Examines the practices that states are using to become “model employers,” including strategies being implemented to expand the recruitment and hiring of people with disabilities within state government agencies.

“[…] For a growing number of government agencies, the desire to examine their services, programs, and recruitment, hiring, and other personnel policies to remove barriers to work for people with disabilities was part of a larger effort to promote greater employment opportunities both in the private sector and the public realm. In order to advance the employment of people with disabilities, a number of states looked to lead by example in making employment for people with disabilities a reality by becoming ‘model employers’” (p.1). (Abstractor: Author)

Full publication title: States as Model Employers (SAME): Strategies for Moving People with Disabilities into Careers in State Government


Major Findings & Recommendations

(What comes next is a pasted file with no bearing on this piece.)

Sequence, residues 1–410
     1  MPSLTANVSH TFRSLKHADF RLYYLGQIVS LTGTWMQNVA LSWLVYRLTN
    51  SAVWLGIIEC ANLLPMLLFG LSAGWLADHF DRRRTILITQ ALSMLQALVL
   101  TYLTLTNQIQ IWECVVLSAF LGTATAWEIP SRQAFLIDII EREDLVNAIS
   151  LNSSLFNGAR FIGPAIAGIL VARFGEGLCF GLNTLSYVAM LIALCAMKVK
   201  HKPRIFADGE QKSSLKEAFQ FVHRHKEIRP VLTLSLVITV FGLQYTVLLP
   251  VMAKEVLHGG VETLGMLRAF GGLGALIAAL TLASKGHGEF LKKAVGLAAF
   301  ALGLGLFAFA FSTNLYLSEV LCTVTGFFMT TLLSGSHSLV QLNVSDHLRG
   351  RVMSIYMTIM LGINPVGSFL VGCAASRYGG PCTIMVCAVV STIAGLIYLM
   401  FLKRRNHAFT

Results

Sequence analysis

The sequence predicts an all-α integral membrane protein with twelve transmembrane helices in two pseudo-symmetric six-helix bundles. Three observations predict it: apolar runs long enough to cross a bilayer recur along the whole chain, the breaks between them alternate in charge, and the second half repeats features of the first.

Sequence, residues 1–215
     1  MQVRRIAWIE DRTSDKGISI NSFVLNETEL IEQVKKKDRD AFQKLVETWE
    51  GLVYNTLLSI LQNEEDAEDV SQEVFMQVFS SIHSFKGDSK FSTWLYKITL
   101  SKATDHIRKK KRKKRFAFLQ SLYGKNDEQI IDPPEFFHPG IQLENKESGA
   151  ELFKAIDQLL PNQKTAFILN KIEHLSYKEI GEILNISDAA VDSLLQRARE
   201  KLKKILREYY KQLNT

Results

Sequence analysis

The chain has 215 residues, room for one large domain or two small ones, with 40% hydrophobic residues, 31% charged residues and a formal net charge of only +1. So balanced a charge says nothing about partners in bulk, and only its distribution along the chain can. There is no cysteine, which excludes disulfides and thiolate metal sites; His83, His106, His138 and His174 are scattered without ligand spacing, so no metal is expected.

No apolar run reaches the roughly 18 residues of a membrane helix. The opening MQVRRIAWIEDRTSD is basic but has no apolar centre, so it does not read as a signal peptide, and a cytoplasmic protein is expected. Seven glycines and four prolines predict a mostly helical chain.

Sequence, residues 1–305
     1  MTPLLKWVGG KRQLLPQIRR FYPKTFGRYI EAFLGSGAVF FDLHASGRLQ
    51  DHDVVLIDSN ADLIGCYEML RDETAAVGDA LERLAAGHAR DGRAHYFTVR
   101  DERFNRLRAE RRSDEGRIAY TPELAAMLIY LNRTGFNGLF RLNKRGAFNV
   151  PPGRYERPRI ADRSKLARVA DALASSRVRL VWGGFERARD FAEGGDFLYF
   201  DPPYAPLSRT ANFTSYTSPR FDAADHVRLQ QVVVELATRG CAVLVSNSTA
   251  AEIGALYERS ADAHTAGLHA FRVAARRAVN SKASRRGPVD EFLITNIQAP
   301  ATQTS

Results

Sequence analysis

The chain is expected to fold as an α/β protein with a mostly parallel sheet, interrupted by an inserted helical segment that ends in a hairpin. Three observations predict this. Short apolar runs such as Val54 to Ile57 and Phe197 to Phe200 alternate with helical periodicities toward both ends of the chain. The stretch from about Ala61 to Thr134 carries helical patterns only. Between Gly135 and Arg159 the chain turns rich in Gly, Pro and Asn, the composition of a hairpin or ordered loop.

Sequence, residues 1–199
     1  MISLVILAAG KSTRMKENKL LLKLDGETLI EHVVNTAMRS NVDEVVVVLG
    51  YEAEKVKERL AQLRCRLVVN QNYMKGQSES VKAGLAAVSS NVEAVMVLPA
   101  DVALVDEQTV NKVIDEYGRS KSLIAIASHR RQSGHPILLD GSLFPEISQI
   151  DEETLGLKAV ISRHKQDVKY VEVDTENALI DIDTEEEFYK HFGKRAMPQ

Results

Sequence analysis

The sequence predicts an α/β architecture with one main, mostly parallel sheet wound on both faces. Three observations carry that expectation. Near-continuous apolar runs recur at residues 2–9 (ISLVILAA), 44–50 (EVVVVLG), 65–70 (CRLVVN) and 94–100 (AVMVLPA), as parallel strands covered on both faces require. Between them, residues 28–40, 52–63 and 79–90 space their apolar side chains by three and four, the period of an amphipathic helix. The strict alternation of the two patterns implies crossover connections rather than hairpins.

“People with disabilities are not always considered prominently in state agency affirmative action language on hiring, and many states continue to face resource constraints to making the necessary changes that would improve access…. As noted in this brief, states with SAME efforts believe that state government can serve as an example and a resource to other employers interested in diversifying their workforces by hiring people with disabilities. States with limited resources can still make progress to expand and diversify their labor pools by pursuing several low- and no-cost activities. These short-term strategies include: • Examining existing state hiring policies and practices to incorporate more inclusive language. • Establishing internship opportunities in state agencies through partnerships between state agency hiring managers, vocational rehabilitation, community-based organizations, and secondary and postsecondary educational institutions. • Reviewing state application and testing processes, both online and in person, and putting in place strategies to improve the accessibility of both, if needed. • Engaging in proactive and targeted marketing of job openings to job seekers with disabilities, including but not limited to partnering with community-based organizations to reach out to job seekers so they are aware of and apply for job openings. • Developing and implementing stronger education, awareness, accommodation, and etiquette training of senior leaders, managers, supervisors, and other staff to create a more welcome environment for an increasingly diverse workforce” (p.7).(Abstractor: Author)